1. Spiritual Foundation and Prayer Intercessors
  • Sensitive to God’s timing
  • Obedience and surrender to the Holy Spirit
  • Establish prayer teams
  • Prayer must be the foundation of the church plant

 

  1. Church Planter Selection Process
  • Goal: Selecting a planter who is well prepared to succeed
  • Assess the planter to determine fit to the target community
  • Suggested best practices for the selection process:
    • Denominational and regional staff can be helpful in the process
    • Design a thorough multi-step process with multiple participants (senior pastor, selection team, evangelism task force, consistory, etc.)
      • Understand the key predictors of effective church planters:
        • Leadership gifts
        • Entrepreneurial experiences
        • Supportive spouse
        • Passion for reaching people
      • Avoid lowering the bar during the process
        • Pay attention to red flags and warning signs—process information separately with the planter and with the selection team
        • Avoid the tendency to approve a planter who has the right heart but not the temperament, skills, or fit to the target community (it may seem to be the more comfortable decision at the time, but the planter, the parent, and, most importantly, the people in the church plant will suffer in the long term)
      • Use an experienced assessment center for an independent opinion
        • Send planter to training

 

  1. Defined Philosophy of Ministry (Vision & Values)
  • Parent church must have a clear vision of what it is trying to accomplish
  • Heart for the lost must be part of the DNA
  • Cast the vision 100 different times, 100 different ways
  • The planter needs to develop vision, mission, and philosophy
  • Alignment between the parent church and planter should confirm the selection process
  • Hold the church planter accountable for defining a clear ministry vision
  • What would the church look like if the mission is fulfilled?
  • How would people behave and believe?
  • Who would be reached?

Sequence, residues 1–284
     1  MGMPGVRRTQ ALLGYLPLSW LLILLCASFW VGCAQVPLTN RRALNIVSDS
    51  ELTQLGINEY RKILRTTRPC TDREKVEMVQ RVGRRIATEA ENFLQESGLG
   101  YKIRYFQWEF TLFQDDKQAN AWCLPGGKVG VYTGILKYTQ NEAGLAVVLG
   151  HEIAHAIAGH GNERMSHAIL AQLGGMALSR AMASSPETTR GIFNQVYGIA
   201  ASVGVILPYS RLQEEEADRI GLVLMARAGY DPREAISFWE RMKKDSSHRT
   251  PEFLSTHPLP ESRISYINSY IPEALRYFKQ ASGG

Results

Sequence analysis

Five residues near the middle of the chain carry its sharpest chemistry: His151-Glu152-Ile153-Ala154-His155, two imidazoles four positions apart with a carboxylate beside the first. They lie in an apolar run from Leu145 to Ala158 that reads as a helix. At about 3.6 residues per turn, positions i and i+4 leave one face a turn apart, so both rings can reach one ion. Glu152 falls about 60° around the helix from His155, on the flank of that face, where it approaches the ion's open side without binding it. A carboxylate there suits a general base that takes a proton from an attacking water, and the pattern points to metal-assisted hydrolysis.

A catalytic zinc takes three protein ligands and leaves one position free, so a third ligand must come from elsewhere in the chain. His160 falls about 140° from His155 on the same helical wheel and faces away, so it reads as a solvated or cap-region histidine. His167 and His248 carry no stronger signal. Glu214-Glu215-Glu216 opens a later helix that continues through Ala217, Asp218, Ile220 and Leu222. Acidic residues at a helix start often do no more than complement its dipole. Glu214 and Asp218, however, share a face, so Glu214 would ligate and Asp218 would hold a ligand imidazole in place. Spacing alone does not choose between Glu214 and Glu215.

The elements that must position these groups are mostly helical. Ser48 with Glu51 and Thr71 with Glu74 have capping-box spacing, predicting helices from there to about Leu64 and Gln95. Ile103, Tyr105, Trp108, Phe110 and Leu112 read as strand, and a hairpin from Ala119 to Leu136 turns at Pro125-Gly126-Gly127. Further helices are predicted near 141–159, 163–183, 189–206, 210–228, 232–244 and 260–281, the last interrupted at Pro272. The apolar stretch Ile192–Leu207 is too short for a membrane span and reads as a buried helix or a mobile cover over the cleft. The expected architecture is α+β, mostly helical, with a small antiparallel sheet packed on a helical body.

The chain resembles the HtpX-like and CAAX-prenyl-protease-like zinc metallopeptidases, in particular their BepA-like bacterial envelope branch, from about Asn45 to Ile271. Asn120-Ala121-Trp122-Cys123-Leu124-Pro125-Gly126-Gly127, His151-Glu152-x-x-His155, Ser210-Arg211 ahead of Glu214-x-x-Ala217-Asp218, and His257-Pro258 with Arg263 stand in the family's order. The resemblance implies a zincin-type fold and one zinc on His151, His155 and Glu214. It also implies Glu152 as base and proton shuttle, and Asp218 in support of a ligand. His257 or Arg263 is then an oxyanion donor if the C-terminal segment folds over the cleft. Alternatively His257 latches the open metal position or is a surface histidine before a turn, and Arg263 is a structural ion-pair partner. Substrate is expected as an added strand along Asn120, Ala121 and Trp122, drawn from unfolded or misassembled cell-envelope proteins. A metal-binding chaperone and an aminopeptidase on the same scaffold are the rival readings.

• How would the community perceive the church?
  • What ministries would be functioning?
  • Critical vision issues include:
  • There must be a single vision
  • Vision is rooted in reality—it is realistic
  • Vision is the responsibility of the planter—as leadership is identified and emerges, it needs to “own” the vision
  • Vision must be communicated/shared repeatedly
  • Vision is made real by experiences
  • Vision is tested and refined early in the plant (the planter must guard the vision through the testing process)
  • Identify the target community
  • Basic community profile
  • Demographics (age, income, marital status, years in community)
  • Community growth potential
  • Source for demographics—Percept Demographics: (800) 442-6277
  • Community religious profile
  • Proximity to parenting church
  • Be a student of the local culture
  • Psychographics (interests, activities, mindset)
  • Newspapers, TV, community activities, focus groups
  • Build a mental construct of the culture, write a description, and test it

 

  1. Identify Resources
  • Funding—typically a three-year step down structure
  • Experienced coaching—planter needs to be connected to mentor(s)
  • Exposure and relationship with a healthy parent church—the planter functions as a member of the parent church staff for six to nine months
  • Accountability during the development phase—planning and recruitment

 

  1. Develop Core Leadership Team
  • Begins with recruiting
  • Public presentations of mission and vision— introduce planter
  • One-on-one meetings—building relationships and trust
  • Core group development is hard work
  • It cannot be delegated
  • Planter must “sell” vision
  • Core group can never be too large
  • Sources of core group members—concentric circles of influence
  • Key leaders from a healthy parent
  • Interested people from target community
  • Early core group members or members of parent church identify additional members from community
  • Core group meetings
  • Organize prayer effort (2 Thessalonians 1:11-12)
  • Identify and recruit ministry leaders
  • Train leaders in ministry philosophy and equip them for ministry
  • Identify and appoint a launch leadership team
  • Help the core group understand the financial needs of a plant

 

  1. Commitment to Give Up Some of Best People
  • Empower planter to recruit high quality people
  • Use a name clearing process to protect planter from unhealthy people
  • Look specifically at:
  • Entrepreneurial types
  • Young couples
  • Recent newcomers to the target community
  • Kingdom-minded people looking for a place to make a difference
  • Younger families in transition

 

  1. High Birth Weight
  • Churches that start with a large critical mass are more likely to:
  • Survive
  • Grow into larger churches
  • Have resources necessary to reach the expectations of our culture

 

Discussion Questions

  1. Which of these seven critical success factors would create the most difficulties for you in your church setting, philosophically or practically?
  2. Which of these do you believe might be most important in your setting as you consider church planting?